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By Tank Murdoch @TheNatSent

(TNS) The longer coronavirus-related shutdowns continue, the more comfortable authoritarian Democrat governors and mayors get with their newfound powers.

But the longer the shutdowns continue, the more we are seeing pushback from Americans who are rightfully becoming concerned with the loss of their constitutional rights.

Like the inviolable right to freely practice any religion of choice.

As you may know, many churches on their own have prohibited in-person services and have gone all-virtual for the time being as a precaution against the spread of the virus.

But others have been forced to close by gubernatorial edicts issued by Democrats who are overstepping their bounds, as one federal judge reminded Kansas Gov. Laura Kelly this week.

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Kelly issued an executive order banning church and religious services gatherings of more than 10 people, but a federal judge has issued a temporary injunction against that order, citing First Amendment protections that do not vanish just because there is a health emergency.

Big League Politics notes:

The federal court issued a temporary restraining order against the enforcement of Kelly’s order, citing that the state of Kansas has declined to formally prohibit similar events occurring at secular facilities such as factories and airports. The Democratic Governor pushed back against the ruling, suggesting that she intends to appeal the restraining order in a higher court.

Kansas Attorney General Derek Schmidt, however, lauded the ruling, stating that church services were beyond the formal prohibition of state authorities.

“Today’s judicial ruling is a much-needed reminder that the Constitution is not under a stay-home order and the Bill of Rights cannot be quarantined. The Constitution protects our liberties especially during times of crisis when history reveals governments too quick to sacrifice rights of the few to calm fears of the many,” Schmidt said.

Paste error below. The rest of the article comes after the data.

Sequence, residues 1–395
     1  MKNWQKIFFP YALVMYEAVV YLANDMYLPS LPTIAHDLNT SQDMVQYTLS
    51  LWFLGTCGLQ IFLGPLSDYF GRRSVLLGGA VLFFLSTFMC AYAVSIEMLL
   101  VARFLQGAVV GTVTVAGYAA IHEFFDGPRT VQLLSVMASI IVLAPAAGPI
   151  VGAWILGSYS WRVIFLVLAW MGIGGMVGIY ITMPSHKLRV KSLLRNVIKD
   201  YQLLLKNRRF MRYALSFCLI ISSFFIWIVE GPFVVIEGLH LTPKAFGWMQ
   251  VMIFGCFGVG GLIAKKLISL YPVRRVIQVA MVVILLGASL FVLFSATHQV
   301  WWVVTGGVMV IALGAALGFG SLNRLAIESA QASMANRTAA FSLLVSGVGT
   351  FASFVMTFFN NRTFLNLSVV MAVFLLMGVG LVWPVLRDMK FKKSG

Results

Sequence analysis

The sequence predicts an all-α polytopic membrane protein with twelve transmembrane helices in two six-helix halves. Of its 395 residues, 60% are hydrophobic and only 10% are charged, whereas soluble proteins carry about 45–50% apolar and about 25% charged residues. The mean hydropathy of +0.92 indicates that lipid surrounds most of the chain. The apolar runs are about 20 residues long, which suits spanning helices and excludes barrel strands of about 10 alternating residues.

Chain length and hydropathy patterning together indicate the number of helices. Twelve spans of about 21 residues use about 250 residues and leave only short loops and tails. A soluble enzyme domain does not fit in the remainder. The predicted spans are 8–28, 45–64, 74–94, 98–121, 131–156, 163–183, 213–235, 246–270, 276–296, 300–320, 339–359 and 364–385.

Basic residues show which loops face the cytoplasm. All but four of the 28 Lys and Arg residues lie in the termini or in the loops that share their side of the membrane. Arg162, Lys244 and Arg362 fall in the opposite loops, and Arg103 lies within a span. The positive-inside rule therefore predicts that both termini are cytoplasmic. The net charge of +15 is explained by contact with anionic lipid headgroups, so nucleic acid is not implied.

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Based on largely anecdotal evidence, most church leaders and their congregations have decided to suspend in-person gatherings for the time being, though President Trump issued new guidelines last week on how best to reopen parts of the country were the virus is not a big problem.

The point is, Americans acting on their own are acting responsibly already; they don’t need an edict from on-high forcing them to ‘do the right thing.’

And besides, there are a lot of businesses that have remained open throughout the pandemic — supermarkets, certain stores, parks, etc. So it made no sense to target churches, especially when religious practice is specifically protected in the Constitution.

Let this be a lesson to the Democrat power grab: There are going to be limits and you’re going to have to adhere to them.


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